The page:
Omnicare to pay $28 million for kickback scheme

October 21, 2016

Omnicare agreed to settle claims that it conspired with Abbott Laboratories “to engage in a number of disguised kickback arrangements to increase overall use of Depakote,”

CVS Health-owned Omnicare, the largest institutional pharmacy in the United States, will pay several states and the federal government $28.125 million to resolve allegations that it received kickbacks for Depakote.

Maura HealeyAs part of the federal agreement, Omnicare will pay the Massachusetts Medicaid Program (MassHealth) more than $475,000 and Ohio more than $670,000. In total, 47 states and the District of Columbia will receive payments.

Omnicare agreed to settle claims that it conspired with Abbott Laboratories “to engage in a number of disguised kickback arrangements to increase overall use of Depakote,” Massachusetts Attorney General Maura Healey said in a statement. Depakote is an anticonvulsant drug used to treat epilepsy and bipolar disorder and to help prevent migraine headaches. CVS Health said the alleged offenses happened before it acquired Omnicare, and that it settled the case to avoid extended litigation.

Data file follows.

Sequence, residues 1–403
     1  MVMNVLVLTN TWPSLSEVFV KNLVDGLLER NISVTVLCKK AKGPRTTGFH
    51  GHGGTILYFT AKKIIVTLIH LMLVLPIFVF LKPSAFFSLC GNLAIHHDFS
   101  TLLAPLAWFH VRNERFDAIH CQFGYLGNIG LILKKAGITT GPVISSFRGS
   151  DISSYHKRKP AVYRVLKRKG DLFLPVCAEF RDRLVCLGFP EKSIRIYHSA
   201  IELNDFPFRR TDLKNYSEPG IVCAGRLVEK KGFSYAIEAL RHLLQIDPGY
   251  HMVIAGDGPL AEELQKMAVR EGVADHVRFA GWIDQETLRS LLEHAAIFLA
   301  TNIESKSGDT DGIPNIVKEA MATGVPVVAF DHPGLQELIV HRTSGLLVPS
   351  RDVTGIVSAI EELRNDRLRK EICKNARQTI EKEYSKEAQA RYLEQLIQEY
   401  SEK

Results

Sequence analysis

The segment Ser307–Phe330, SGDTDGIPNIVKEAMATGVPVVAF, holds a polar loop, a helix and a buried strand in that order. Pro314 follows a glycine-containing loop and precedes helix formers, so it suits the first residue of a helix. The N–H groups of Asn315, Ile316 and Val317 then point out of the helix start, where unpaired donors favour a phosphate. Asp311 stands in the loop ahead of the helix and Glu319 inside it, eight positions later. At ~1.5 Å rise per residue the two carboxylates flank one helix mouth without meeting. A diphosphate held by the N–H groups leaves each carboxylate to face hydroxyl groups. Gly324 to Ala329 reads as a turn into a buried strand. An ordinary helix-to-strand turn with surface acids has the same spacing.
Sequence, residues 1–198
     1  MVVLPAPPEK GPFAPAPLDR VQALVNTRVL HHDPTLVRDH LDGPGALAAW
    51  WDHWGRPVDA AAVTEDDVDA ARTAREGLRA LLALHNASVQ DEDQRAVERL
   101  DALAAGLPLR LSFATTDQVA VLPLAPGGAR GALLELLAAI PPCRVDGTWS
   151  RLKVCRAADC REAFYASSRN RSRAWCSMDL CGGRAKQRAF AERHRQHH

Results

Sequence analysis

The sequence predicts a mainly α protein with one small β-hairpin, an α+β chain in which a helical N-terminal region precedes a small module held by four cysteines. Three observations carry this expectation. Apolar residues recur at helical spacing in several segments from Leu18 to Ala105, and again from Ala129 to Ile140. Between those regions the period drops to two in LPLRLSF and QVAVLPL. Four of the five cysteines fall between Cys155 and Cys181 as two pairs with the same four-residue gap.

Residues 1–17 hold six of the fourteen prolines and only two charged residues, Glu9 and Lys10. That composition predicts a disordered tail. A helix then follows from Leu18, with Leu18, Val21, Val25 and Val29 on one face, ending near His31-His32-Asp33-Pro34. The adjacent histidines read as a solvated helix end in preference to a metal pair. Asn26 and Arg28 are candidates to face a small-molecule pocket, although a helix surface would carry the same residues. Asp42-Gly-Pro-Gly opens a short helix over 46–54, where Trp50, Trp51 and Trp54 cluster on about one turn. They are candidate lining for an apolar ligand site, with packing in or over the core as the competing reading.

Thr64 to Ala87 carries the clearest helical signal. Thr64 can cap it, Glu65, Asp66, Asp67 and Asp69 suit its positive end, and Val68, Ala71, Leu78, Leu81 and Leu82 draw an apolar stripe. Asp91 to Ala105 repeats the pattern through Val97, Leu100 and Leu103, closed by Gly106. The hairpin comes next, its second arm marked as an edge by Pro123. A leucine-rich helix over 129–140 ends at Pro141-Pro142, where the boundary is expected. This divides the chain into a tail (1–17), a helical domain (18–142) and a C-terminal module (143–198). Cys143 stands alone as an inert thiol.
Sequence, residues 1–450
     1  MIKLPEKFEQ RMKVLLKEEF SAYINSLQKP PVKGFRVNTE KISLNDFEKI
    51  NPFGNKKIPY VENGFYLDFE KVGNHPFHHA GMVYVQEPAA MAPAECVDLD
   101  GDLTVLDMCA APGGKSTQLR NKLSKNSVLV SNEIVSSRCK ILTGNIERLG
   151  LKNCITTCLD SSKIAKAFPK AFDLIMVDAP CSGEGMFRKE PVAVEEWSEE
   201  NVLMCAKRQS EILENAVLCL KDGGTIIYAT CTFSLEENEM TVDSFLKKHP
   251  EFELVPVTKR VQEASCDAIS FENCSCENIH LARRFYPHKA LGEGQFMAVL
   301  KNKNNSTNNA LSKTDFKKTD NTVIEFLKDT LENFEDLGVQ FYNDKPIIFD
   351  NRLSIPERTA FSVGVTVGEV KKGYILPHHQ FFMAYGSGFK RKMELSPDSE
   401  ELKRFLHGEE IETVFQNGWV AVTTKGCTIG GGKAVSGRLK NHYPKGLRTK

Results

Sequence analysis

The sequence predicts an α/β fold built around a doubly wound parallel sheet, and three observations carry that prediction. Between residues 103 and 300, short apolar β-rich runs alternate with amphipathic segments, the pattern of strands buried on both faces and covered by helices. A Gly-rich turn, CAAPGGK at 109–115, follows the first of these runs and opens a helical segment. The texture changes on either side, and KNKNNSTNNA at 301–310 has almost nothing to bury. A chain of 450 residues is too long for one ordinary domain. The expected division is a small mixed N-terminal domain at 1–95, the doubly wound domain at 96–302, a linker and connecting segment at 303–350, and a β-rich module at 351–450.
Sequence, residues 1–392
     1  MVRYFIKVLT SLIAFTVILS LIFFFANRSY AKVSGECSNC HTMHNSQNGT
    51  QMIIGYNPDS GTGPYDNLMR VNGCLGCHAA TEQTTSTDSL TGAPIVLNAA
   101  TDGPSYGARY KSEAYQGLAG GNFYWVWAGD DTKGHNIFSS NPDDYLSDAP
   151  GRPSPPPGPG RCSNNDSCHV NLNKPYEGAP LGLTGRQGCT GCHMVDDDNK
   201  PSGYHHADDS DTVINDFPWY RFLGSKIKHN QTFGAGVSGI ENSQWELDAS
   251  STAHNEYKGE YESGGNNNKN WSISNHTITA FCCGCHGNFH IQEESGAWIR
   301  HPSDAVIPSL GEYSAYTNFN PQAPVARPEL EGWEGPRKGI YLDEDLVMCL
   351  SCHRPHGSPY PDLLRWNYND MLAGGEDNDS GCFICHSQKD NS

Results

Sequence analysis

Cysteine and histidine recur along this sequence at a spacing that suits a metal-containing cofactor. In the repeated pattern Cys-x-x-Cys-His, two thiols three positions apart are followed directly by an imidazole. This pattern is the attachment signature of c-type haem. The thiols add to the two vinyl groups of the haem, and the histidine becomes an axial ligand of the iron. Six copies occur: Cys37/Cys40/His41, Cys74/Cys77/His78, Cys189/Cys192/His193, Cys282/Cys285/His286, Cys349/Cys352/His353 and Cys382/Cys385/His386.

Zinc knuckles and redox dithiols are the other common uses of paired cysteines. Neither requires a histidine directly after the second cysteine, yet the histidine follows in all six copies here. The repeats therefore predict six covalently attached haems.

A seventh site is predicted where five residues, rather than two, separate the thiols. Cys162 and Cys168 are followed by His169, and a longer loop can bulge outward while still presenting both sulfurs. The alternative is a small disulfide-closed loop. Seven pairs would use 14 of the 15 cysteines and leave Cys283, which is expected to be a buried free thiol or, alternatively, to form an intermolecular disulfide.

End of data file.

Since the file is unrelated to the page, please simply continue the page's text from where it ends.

“Omnicare’s illegal kickbacks came at the expense of seniors and vulnerable patients,” Healey said.

The settlement originates from cases filed in Virginia by whistleblowers in Georgia and California.

Omnicare, acquired by CVS Health in August, 2015, for $12.9 billion, provides pharmaceuticals and related pharmacy services to elder care facilities and in other specialized healthcare settings.

The states participating in the settlement contend that, between January 2001 and December 2008, Omnicare knowingly solicited and received illegal payments from Abbott through agreements that required Omnicare to engage in certain promotional programs, grants, and other financial support. “This alleged conduct resulted in false claims to Medicaid and other federally-funded health care programs,” according to the Massachusetts Attorney General’s office.

 

Omnicare will pay the states and the federal government to compensate Medicaid, Medicare, and other federal healthcare programs for harm suffered.

The team appointed by the National Association of Medicaid Fraud Control Units to investigate the case included representatives from the Offices of the Attorneys General for the states of California, Illinois, Maryland, New York, Ohio, South Carolina and Virginia.